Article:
Shahid Buttar arrives for an interview at a corner cafe carrying a small stepladder. He will, hours later, be hanging art for the official launch of his campaign for Congress in 2020. But it’s a fitting allegory for a man with quite an obstacle to surmount.

Buttar, 44, isn’t just running for any old seat in Congress. He’s running a Democratic Party primary challenge for the seat held, for quite some time, by Nancy D’Alesandro Pelosi. The Speaker of the House, the nation’s preeminent political tactician, a prodigious fund-raiser, and the lady who condescendingly golf-clapped at Donald Trump during the State of the Union address after humiliating him in a cringe-worthy televised exchange.

Fair enough. He thinks he can take her.

“We don’t have the indices yet to demonstrate the earthquake across our national body politic — a generational transition is happening,” says the Democratic Socialist. “Young people radicalized by the financial crisis of 2008 are not arrayed on any political map.” They are too far to the left to be registered, he holds. These are his people, and his potential voters.

The political spectrum is sliding to the left. I am here to recapture the Democratic Party for labor and the left. Under the Clintons, with Pelosi, the party was co-opted by capital.”

Buttar is a tall, thin man with long salt-and-pepper hair pulled into a bun, a drooping Kevin Durant beard, and a propensity for scarves. He speaks quickly and uses lengthy, complex sentences perhaps more befitting the Stanford-educated Constitutional lawyer he is than the aspirational politician he also is.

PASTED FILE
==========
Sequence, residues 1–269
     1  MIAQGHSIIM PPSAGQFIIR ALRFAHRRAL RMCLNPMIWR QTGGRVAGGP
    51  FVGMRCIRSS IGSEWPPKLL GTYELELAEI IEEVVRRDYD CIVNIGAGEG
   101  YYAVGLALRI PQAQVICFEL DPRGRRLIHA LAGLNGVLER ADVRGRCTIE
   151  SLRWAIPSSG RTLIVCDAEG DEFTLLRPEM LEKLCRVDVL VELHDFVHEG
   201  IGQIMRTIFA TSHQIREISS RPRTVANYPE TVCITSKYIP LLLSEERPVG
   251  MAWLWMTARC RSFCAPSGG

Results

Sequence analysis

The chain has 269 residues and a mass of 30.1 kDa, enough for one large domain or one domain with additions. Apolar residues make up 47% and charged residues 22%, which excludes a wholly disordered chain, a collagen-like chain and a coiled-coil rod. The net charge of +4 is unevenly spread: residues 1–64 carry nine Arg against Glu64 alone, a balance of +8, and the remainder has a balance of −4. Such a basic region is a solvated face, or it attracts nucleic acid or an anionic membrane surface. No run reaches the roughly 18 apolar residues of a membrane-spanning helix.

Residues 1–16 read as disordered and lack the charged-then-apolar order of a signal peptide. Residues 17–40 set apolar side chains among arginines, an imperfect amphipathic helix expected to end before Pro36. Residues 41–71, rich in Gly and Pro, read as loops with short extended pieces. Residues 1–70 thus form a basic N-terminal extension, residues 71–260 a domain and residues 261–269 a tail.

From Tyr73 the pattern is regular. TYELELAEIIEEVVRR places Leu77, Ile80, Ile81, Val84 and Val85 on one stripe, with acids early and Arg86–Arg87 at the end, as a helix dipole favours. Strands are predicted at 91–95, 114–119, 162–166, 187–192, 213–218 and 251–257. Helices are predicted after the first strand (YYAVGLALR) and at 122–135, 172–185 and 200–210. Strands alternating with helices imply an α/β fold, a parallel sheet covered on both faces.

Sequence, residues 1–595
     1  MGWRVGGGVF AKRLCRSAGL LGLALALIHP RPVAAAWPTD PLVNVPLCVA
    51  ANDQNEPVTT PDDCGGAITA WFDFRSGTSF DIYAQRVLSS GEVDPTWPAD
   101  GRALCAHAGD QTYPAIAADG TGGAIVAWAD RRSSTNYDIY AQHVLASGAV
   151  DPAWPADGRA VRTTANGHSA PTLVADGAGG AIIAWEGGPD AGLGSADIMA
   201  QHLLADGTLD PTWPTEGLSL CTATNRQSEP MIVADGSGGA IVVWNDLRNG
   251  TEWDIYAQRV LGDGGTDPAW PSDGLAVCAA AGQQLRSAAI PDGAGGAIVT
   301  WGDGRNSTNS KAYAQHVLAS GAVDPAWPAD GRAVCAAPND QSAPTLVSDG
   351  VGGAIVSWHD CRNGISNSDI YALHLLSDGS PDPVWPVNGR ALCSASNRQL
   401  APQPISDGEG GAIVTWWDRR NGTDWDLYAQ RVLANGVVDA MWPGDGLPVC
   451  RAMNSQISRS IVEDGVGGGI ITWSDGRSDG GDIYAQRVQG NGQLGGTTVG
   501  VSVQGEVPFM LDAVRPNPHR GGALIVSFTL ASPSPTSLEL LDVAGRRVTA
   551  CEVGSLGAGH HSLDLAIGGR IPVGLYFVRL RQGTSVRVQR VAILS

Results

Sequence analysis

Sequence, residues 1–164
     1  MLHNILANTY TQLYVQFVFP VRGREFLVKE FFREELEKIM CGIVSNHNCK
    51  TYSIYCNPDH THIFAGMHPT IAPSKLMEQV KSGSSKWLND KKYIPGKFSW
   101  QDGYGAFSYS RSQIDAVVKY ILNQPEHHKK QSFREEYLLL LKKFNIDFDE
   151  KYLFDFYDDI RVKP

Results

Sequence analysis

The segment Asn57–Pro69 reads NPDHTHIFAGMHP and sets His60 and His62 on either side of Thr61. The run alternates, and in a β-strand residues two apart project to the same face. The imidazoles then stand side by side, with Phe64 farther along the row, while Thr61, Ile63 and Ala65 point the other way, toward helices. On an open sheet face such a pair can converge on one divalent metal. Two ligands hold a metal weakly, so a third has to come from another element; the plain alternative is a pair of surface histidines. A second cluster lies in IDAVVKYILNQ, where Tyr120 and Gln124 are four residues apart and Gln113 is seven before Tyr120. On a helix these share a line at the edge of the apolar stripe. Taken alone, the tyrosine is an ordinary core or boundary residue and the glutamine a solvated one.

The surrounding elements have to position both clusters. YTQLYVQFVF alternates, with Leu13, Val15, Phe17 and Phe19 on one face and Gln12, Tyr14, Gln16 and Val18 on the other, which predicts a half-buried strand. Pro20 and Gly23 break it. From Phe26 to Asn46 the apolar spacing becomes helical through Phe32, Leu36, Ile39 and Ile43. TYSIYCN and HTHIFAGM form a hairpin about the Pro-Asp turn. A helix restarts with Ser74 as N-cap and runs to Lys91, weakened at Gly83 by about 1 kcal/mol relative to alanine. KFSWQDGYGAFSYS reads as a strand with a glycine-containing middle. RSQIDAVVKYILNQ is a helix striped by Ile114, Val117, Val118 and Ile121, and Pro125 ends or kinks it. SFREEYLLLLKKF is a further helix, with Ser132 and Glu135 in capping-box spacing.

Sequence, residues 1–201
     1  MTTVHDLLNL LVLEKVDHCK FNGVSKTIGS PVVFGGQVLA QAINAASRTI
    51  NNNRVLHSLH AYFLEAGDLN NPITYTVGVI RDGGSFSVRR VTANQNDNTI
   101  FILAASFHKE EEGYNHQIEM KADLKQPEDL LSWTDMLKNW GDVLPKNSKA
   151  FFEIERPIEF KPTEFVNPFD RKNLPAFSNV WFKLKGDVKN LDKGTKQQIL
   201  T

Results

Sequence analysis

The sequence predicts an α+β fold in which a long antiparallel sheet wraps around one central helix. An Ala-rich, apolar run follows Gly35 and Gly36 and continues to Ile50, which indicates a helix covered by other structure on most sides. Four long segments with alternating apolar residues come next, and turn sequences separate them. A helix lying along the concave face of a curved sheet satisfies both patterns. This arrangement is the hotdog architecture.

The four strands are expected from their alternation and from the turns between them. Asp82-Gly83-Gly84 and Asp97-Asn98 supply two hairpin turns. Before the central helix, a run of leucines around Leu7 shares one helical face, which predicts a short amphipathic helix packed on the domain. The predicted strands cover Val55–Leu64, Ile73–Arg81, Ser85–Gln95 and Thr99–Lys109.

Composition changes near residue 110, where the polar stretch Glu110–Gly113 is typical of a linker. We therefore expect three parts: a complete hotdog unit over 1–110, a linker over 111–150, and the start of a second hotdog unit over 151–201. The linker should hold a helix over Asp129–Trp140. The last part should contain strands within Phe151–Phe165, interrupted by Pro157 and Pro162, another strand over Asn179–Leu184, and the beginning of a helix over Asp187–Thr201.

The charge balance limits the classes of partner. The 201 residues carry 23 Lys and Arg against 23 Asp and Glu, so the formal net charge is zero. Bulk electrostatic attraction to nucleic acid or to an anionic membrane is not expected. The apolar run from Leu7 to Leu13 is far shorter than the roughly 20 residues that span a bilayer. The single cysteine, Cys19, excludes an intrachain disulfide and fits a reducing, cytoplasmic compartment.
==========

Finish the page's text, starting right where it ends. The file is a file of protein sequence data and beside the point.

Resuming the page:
And while Buttar’s life story is different from any politician you’ve ever heard of, it is, when you think about it, a compelling life story for a politician.

Shahid Buttar amassed some 18,000 votes in his 2018 run vs. Pelosi. But he was a late entry into the race. With four times as much time to campaign leading up to the 2020 race, he thinks he can do better.

Buttar’s parents emigrated from Pakistan to Great Britain before he was born to escape religious persecution (the family belongs to a sect of Islam called Ahmadiyya that Buttar says is the Muslim equivalent of Unitarianism). The family then left Britain to escape post-colonial racism in 1976, when Buttar was two, and moved to the rural American Midwest: Rosebud, Missouri, population 320, a no-stoplight town. And that was great.

“People there were, frankly, lovely to us,” he recalls. “There was a literal welcoming committee coming to our front door with baked goods.”

Buttar feels his childhood memories are of America at its best. His subsequent experiences were not as idyllic. His family’s home was foreclosed upon when he was a freshman at the University of Chicago, and he spent the better part of the next decade bouncing around jobs by day while amassing university courses at night. He did graphic presentation work for Merrill Lynch, Saloman Smith Barney, JP Morgan and other captains of industry. These were eye-opening experiences, and, not coincidentally, he would write an undergraduate thesis about “radical redistribution in the market economy.” This won a statewide prize, and Buttar caught the attention of Stanford law school.